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  • marcslope24 June 2008
    This documentary on schlockmeister William Castle takes a few cheap shots at the naive '50s-'60s environment in which he did his most characteristic work--look at the funny, silly people with the ghost-glasses--but it's also affectionate and lively, with particularly bright commentary from John Waters, who was absolutely the target audience for such things at the time, and from Castle's daughter, who adored her dad and also is pretty perceptive about how he plied his craft. (We never find out what became of the other Castle offspring.) The movies were not very good, it makes clear, but his marketing of them was brilliant, and he appears to have been a sweet, hardworking family man. Fun people keep popping up, like "Straight Jacket"'s Diane Baker, who looks great, and Anne Helm, whom she replaced at the instigation of star Joan Crawford. Darryl Hickman all but explodes into giggles at the happy memory of working with Castle on "The Tingler," and there's enough footage to give us an idea of the level of Castle's talent--not very high, but very energetic. A pleasant look at a time when audiences were more easily pleased, and it does make you nostalgic for simpler movie-going days.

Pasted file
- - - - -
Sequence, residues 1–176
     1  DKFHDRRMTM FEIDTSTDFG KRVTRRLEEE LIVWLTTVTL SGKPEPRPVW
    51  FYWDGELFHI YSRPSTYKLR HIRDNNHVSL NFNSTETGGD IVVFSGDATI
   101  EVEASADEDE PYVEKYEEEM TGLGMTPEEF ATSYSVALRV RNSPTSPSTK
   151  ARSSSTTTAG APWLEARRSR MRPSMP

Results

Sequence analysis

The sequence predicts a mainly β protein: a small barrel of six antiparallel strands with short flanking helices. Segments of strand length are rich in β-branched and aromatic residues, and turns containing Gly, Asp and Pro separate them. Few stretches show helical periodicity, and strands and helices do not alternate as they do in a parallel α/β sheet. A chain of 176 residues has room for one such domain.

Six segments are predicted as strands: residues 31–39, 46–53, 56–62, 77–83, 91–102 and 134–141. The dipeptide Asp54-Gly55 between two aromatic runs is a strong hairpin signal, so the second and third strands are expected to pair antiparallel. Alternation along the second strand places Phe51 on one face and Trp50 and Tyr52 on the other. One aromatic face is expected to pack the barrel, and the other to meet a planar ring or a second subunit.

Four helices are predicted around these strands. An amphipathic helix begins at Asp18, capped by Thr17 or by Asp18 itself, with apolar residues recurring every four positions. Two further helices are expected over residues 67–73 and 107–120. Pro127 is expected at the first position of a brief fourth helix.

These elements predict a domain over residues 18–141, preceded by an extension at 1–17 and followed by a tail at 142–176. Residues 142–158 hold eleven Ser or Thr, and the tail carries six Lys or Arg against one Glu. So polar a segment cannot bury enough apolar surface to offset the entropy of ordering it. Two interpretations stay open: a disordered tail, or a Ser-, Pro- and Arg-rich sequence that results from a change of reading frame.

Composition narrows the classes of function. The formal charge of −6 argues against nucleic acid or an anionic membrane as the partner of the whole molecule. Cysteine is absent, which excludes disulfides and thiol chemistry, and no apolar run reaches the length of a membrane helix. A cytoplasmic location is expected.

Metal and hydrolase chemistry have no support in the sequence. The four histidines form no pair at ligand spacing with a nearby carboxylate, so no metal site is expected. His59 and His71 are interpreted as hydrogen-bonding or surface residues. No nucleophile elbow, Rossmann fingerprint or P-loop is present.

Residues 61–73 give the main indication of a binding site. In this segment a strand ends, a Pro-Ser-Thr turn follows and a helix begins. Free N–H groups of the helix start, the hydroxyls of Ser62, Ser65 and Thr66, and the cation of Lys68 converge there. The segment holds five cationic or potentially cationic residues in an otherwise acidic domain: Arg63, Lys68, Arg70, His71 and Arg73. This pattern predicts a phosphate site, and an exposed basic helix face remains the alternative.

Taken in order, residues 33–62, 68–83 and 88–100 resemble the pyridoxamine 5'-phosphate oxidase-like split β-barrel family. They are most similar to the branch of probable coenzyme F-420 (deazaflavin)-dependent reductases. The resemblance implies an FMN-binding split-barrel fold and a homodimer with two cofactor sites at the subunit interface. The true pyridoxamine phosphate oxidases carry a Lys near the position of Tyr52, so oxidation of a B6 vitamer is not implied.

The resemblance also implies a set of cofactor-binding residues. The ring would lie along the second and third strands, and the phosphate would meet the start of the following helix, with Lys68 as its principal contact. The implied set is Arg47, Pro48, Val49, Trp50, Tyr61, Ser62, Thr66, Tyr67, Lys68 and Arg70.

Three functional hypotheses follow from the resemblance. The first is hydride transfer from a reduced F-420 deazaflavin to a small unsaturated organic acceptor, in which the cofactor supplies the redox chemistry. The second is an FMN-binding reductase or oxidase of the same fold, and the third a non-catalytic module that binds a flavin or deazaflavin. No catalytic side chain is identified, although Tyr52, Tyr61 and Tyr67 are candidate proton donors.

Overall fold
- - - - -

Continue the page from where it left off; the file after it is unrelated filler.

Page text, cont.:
• William Castle is notorious among horror fans as the B-grade director of the 1950s and 60s. His gimmicks, his cost-cutting techniques and his unique vision are legendary. It comes as no surprise, then, that someone (Jeffrey Schwarz, who's made countless documentaries) would finally take the time to devote a documentary to his greatness. Such is "Spine Tingler: The William Castle Story".